There goes that theory on why polymorphism is so powerful. Can you explain why?
    Sorry, was busy for most of the day. I really hadn't paid attention to what this thread was about and had to reread what everyone had said. Anyways, I think MJ Eggertson did a pretty good job explaining what polymorphism does. One of the major advantages is that it promotes code reusability. Let's discuss a semi-real situation to see how this works:

    In an object framework, such as Borland's Visual Component Library (VCL), somewhere deep within the framework is a handler for the WM_PAINT message, which (conceptually) looks something like this:
    Code:
    for (int i=0, i < form->components->count; i++)
      form->components->component[i]->Repaint();
    All it does is go through the list of components on the form and calls the function to repaint each one of them. Now, it happens that all the visual component classes (TButton, TEdit, TPanel etc.) are descended from the TWinControl class and so they all have Repaint() methods. Each Repaint method for each class has different code, depending on whether the class is a button, text box, panel etc. However, the code that handles the WM_PAINT message doesn't really care, because it is depending on polymorphism to take care of it. If you had to do this with a switch statement, the code would look something like this (again conceptual code here, not actual code):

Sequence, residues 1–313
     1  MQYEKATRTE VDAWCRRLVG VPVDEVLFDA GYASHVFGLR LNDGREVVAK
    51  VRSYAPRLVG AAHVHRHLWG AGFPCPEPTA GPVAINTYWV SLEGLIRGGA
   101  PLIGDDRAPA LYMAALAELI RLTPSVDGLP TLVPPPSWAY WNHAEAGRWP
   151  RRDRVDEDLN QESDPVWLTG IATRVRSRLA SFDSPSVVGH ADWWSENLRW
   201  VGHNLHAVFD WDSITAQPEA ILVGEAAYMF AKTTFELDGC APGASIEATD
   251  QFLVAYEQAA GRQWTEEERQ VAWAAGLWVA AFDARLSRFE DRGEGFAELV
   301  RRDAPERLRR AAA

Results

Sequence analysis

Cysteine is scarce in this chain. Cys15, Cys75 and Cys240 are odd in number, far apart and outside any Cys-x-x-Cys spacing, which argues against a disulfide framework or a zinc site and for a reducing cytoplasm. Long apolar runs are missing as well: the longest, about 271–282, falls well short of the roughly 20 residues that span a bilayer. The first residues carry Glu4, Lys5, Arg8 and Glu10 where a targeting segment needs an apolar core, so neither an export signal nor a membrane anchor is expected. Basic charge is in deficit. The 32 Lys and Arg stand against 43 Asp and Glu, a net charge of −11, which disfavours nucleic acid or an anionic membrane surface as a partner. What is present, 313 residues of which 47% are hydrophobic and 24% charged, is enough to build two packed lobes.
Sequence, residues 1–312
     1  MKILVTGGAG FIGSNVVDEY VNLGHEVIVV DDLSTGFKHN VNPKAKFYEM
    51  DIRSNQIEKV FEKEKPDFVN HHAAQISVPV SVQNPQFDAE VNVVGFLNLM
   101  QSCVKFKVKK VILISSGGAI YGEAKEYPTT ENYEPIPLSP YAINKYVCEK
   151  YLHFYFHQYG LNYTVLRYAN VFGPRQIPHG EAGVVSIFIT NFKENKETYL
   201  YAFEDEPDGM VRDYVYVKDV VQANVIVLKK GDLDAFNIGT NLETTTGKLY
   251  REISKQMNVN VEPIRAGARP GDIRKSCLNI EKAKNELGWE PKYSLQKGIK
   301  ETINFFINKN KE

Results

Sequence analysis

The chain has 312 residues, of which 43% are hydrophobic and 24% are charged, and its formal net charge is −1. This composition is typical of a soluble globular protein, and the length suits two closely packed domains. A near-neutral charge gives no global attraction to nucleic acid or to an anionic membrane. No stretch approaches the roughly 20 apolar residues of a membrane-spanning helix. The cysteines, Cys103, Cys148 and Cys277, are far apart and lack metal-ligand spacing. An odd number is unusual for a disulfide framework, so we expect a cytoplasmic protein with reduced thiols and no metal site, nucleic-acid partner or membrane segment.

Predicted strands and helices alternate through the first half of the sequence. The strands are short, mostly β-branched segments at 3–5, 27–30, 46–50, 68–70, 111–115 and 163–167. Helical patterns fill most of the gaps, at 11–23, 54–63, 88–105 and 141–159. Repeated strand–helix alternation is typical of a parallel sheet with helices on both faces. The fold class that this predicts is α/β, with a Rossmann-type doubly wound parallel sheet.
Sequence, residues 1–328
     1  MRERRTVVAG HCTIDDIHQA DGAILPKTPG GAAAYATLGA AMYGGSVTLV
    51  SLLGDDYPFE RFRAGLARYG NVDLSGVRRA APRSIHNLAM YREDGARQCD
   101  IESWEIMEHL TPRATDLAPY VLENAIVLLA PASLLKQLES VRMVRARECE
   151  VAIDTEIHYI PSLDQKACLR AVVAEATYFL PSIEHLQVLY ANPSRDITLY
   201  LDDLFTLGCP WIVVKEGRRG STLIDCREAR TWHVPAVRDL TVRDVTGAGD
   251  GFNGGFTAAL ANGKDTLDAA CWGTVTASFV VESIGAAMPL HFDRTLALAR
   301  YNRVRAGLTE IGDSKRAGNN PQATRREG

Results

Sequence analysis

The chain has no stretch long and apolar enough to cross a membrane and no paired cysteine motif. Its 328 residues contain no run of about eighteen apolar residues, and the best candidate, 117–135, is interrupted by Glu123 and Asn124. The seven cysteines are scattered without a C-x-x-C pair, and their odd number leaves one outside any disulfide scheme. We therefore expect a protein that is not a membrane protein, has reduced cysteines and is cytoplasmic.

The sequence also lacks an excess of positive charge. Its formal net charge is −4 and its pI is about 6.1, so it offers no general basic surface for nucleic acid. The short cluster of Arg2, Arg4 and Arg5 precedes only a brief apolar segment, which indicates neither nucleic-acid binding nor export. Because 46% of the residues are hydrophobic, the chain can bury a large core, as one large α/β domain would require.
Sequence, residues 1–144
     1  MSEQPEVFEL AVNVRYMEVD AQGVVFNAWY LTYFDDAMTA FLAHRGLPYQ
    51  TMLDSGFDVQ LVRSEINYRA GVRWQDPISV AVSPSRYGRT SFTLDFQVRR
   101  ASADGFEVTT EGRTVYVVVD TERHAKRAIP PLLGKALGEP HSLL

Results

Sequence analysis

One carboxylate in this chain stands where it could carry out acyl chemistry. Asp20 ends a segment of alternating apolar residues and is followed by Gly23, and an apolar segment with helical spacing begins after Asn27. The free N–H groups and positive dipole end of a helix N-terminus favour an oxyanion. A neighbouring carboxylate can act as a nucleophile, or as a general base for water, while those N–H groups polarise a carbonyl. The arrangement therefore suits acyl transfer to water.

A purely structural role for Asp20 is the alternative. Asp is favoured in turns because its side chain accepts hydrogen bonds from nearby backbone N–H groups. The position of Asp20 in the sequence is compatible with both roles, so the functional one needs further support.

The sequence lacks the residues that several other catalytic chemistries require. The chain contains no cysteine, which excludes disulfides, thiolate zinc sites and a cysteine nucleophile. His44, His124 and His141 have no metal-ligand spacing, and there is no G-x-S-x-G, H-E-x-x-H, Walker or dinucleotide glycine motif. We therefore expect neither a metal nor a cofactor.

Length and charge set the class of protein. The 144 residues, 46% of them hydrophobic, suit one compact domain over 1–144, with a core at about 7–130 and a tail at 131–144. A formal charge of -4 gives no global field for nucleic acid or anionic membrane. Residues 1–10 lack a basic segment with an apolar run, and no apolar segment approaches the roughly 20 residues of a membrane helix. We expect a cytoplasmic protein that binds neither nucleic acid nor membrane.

Code:
    for (int i=0, i < form->components->count; i++) {
      component = form->components->component[i];
      switch (component.type)
        case tbutton:
          TButton(component)->Repaint();
          break;
         case tedit:
           TEdit(component)->Repaint();
           break;
      ...
    }
    This means a lot more code for the person writing the WM_PAINT handler, because they have to put code for every possible control class (and there are a lot of windows controls!). Not only that, if you were to write your own custom component (say an LED control), you'd have to go fiddle with their code and add the necessary code to repaint your new control. Now, if they release a newer version of their library (note that they haven't met you and don't know about your super-duper LED control), they won't have the code to handle your control. So, you'll need to go and fix their code again to handle your new control and so on -- we're talking mucho maintenance nightmare. With polymorphism, all you need to do is ensure that your control class is descended from the TWinControl class and implement the Repaint method as needed for your class. You don't need to touch a single line of their code. They can alter their code whenever they like and it won't break any of your code. Do you see the obvious advantages? :)

    Hope this makes sense :)
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    "Do you see the obvious advantages?"

    Yes. I did mention somewhere up above that if the number of cases got large the internal switch statement of polymorphism would make things a lot easier. Compatability with Windows and the MFC is also a good point. Thanks.